In March 2009, the European Commission's officials carried out so-called dawn raids (unannounced inspections) at the premises of companies active in the North Sea shrimps and related products industry in several Member States.

The investigation revealed antitrust issues that led the Commission to send to the companies concerned a Statement of Objections in July 2012, on which they had the opportunity to comment and to be heard.

In its final decision adopted last 27 November, the Commission fined four European North Sea shrimps traders a total of €28.7 million for operating a cartel in breach of EU antitrust rules.

The companies are Heiploeg, Klaas Puul, Kok Seafood (all established in the Netherlands) and Stührk (based in Germany).

It appeared that these companies agreed to fix prices and share sales volumes of North Sea shrimps for several years in Belgium, France, Germany and the Netherlands. Klaas Puul received full immunity from fines under the Commission's 2006 Leniency Notice, as it was the first to inform the Commission of the cartel and to provide it with valuable information about the infringement.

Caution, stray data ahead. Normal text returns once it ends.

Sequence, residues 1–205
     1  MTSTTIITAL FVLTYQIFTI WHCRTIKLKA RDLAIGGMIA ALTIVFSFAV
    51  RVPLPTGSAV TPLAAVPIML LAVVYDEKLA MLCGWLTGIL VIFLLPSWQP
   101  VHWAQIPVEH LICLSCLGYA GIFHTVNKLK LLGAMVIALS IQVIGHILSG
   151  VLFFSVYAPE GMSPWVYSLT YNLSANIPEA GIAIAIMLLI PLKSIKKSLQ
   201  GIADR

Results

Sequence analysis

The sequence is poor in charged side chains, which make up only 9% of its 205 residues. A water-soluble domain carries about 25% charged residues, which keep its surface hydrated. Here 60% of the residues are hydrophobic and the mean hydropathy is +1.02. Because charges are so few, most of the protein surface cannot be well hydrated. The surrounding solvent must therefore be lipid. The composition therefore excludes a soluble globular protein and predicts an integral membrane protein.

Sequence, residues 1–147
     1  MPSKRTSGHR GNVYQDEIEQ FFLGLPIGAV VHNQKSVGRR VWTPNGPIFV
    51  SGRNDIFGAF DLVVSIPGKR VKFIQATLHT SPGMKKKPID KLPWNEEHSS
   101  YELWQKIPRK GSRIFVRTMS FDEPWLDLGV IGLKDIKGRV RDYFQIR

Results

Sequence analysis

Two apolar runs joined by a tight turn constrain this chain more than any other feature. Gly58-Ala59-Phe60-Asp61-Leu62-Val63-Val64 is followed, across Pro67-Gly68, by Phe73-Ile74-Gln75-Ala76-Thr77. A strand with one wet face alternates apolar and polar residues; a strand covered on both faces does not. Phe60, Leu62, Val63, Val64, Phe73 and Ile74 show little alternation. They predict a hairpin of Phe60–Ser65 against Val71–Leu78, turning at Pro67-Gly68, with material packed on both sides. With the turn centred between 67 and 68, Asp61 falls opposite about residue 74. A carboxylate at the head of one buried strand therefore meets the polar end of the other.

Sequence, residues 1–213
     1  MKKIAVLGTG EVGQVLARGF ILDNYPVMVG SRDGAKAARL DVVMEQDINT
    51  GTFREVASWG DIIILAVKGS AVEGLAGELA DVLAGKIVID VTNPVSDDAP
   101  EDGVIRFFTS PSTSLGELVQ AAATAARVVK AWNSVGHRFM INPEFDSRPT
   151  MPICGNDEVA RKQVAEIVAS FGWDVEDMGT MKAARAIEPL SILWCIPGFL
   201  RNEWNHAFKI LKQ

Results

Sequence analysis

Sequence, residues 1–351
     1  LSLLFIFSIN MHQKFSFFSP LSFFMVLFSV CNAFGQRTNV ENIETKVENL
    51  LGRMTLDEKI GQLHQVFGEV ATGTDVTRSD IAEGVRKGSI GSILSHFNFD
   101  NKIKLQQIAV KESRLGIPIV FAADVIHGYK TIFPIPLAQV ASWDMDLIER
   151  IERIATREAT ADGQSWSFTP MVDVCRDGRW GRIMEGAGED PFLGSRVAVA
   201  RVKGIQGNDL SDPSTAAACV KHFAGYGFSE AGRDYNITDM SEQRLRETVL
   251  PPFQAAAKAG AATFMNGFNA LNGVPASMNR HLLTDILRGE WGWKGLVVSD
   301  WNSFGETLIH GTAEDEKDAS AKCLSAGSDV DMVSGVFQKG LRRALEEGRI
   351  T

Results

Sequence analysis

The purpose of the cartel was to freeze the market by stabilizing the suppliers' market shares in order to facilitate price increases and stimulate profitability. The cartel affected the EU market and sales in Belgium, Germany, France and the Netherlands in particular.

The highest fine was imposed on Heiploeg (€27 million).
Any person or firm affected by anti-competitive behaviour condemned by the Commission in this case may bring the matter before the national courts and seek damages.